Greener, more local… How tourism is changing in Brittany – Bretagne

More than 40,000 completed questionnaires, investigators present on 76 sites,… Every five to six years, the vast Reflet study probes in depth tourist practices in Brittany. First lesson from the 2022 batch: with 109 million overnight stays, attendance is back to pre-health crisis levels but has remained broadly the same for twenty years. An apparent stability that hides significant developments, echoing the upheavals of the world.

  • 1 The Germans, first foreign clientele

  • It was expected: Brexit, and the financial crisis in the United Kingdom, considerably reduced the flow of tourists from across the Channel. While they could enter Europe without hindrance, the British must now meet conditions (insurance, valid passport and sufficient financial resources). Result: for a long time the first foreign clientele, they fell to second place. A decline compensated by an increase in Swiss, Dutch and above all German visitors, at the top of the podium.

  • 2 Bretons increasingly keen on excursions

  • Day trips – in other words the walks of Bretons in Brittany – increased by 17% in one year, to reach 93 million last year. And, compared to the last survey in 2016, their market share in regional tourism has increased by six points. A sign that they are reclaiming their territory? “Since the health restrictions, the Bretons have realized that they do not need to go very far to take their eyes off it”, comments Anne Gallo, vice-president of the regional council in charge of tourism. The cost of fuel can also weigh heavily in the decision not to travel too far.

    How Brittany manages the influx of tourists [Dossier]

  • 3 Last minute and more split stays

  • Another effect of covid: during the health crisis, when the possibility of new travel restrictions was never to be ruled out, tourists tended to book at the last minute. A habit that takes root. They are also quicker to hop around to see as much of the area as possible. Result: the average length of stays is reduced by ten to eight days.

  • 4 Environmental concerns are on the rise

  • Respect for the sites, attention paid to waste, local consumption, priority for cycling to get around,… 86% of the tourists questioned believe that they are taking action to reduce the climate impact of their holidays. A proportion multiplied by 2.5 in six years. Still with limits. Travel by train is progressing little. In addition, accommodation labeled “eco-responsible” does not appeal to tourists. Only 7% of them choose their vacation spot because it is environmentally friendly.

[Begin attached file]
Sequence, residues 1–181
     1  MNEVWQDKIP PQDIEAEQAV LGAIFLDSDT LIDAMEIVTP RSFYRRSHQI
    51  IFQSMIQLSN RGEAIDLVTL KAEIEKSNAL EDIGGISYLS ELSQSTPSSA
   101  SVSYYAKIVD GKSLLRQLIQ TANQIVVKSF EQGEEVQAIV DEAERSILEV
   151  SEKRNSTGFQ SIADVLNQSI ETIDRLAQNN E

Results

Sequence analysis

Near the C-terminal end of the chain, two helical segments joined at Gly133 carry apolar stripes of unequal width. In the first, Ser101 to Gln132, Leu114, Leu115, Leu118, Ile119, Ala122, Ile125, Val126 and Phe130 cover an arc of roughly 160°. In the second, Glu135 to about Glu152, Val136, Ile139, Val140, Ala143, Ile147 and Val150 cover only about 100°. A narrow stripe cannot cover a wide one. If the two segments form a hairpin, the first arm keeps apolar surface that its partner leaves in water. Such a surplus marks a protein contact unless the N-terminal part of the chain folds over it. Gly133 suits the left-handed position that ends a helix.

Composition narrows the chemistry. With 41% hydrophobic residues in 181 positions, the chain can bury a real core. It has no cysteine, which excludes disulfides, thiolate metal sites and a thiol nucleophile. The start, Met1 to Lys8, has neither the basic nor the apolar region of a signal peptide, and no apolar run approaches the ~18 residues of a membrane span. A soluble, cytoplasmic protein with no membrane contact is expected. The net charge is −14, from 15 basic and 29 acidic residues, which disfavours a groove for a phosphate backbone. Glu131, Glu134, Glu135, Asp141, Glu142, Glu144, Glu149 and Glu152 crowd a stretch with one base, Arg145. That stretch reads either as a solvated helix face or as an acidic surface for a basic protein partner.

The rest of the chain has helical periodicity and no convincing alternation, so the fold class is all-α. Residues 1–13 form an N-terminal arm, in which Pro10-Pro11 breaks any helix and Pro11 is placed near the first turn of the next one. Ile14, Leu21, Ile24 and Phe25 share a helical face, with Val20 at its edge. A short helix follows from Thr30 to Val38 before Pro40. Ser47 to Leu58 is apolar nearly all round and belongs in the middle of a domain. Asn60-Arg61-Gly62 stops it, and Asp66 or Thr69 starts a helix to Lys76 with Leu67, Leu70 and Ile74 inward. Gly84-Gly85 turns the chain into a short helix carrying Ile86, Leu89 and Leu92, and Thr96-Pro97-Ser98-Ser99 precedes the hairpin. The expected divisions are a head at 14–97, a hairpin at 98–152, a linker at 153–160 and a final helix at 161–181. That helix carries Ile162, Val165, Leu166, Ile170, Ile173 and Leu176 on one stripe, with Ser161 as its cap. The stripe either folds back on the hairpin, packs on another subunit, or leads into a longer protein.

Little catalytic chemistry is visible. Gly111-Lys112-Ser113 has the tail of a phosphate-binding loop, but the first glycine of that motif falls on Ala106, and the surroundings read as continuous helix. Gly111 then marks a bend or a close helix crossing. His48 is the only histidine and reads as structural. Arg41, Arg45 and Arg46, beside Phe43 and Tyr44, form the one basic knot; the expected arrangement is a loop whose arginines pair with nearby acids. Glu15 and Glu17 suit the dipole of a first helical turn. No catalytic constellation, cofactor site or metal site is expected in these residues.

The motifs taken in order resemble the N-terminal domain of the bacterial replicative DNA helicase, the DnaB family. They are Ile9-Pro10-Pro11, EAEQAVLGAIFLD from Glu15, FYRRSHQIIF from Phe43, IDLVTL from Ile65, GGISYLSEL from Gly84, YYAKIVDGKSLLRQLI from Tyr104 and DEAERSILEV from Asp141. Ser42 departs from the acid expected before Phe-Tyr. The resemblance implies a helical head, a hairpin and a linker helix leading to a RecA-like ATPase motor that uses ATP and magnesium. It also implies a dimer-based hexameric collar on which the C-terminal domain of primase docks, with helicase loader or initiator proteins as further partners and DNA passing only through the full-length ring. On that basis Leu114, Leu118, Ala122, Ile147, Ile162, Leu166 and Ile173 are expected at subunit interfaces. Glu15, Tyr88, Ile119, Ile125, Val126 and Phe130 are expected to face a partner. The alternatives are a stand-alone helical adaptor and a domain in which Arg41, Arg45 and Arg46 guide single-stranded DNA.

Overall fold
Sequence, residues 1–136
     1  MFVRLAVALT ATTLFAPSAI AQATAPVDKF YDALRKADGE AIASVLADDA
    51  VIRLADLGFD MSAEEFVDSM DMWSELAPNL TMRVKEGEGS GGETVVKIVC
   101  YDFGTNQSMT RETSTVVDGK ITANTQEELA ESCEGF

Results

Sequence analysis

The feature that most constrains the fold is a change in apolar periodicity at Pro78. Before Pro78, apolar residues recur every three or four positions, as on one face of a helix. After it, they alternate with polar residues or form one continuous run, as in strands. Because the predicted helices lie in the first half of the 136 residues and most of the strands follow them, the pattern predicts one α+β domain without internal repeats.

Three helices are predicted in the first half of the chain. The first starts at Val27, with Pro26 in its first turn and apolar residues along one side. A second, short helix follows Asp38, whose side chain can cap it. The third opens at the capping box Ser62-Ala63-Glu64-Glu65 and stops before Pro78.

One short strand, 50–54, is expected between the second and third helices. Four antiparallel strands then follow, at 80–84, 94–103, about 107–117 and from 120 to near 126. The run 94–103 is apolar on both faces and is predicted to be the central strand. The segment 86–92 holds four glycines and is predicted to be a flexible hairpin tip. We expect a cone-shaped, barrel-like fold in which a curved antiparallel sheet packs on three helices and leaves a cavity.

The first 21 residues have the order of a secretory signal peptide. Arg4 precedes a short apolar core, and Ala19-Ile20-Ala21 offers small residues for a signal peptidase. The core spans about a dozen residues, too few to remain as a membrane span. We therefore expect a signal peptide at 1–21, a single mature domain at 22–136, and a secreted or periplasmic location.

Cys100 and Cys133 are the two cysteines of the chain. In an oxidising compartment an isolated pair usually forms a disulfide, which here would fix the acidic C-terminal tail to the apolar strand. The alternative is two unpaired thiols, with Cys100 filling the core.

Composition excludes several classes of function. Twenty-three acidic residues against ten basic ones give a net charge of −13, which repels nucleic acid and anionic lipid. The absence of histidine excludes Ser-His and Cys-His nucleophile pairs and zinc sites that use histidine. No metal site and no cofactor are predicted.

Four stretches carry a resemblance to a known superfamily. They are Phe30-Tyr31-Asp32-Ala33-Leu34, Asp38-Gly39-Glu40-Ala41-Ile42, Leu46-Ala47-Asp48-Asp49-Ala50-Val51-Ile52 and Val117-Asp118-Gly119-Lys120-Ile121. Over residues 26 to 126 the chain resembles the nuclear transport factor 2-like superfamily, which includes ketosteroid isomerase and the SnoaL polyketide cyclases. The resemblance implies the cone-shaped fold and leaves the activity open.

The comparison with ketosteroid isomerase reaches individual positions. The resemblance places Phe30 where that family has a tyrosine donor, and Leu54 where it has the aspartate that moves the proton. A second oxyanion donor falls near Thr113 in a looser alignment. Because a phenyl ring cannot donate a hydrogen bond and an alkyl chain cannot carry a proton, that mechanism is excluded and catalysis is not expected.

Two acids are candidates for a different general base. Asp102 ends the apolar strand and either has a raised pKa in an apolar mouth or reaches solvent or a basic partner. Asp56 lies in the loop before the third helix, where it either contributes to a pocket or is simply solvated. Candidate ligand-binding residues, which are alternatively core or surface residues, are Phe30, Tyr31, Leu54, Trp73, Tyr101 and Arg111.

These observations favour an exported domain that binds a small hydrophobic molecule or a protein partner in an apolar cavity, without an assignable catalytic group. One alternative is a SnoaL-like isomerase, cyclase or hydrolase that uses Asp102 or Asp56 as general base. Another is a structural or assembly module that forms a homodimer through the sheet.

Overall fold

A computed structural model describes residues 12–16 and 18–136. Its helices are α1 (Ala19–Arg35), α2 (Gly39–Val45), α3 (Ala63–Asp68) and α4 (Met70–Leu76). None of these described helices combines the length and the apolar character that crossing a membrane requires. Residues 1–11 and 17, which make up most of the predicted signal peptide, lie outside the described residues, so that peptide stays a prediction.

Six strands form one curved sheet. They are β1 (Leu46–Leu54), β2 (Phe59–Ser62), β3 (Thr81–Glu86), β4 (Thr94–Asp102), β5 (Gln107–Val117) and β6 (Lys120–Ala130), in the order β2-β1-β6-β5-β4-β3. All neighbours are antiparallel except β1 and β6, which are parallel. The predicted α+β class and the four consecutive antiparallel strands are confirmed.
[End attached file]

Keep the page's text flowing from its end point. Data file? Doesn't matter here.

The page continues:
• 5 The boom in outdoor activities

  • This ecological concern is also reflected in the changes in the choice of activities, which testify to an increased need for greenery and resourcing. Hiking, in particular, is practiced by 73% of tourists surveyed, a share up 25 points. “The Breton relief is, from this point of view, an asset for the region because there is no need to have particular sports skills to practice hiking here”, underlines Antoine Cariou, director of Tourisme Bretagne.

  • 6 Inner Britain’s Slow Revenge

  • This search for nature benefits inland Brittany, rich in green landscapes. It is still very much in the minority in the number of stays (27%) but its share has nevertheless increased by three points. “The activity develops essentially around the waterways which drain the majority of the flows”, emphasizes Jessica Viscart, deputy director of Tourisme Bretagne. Canals of Ille-et-Rance or Nantes to Brest, the Blavet… The development of the accommodation offer on these axes and the attraction for cycling has enabled them to do well.

    letelegramme Fr Trans

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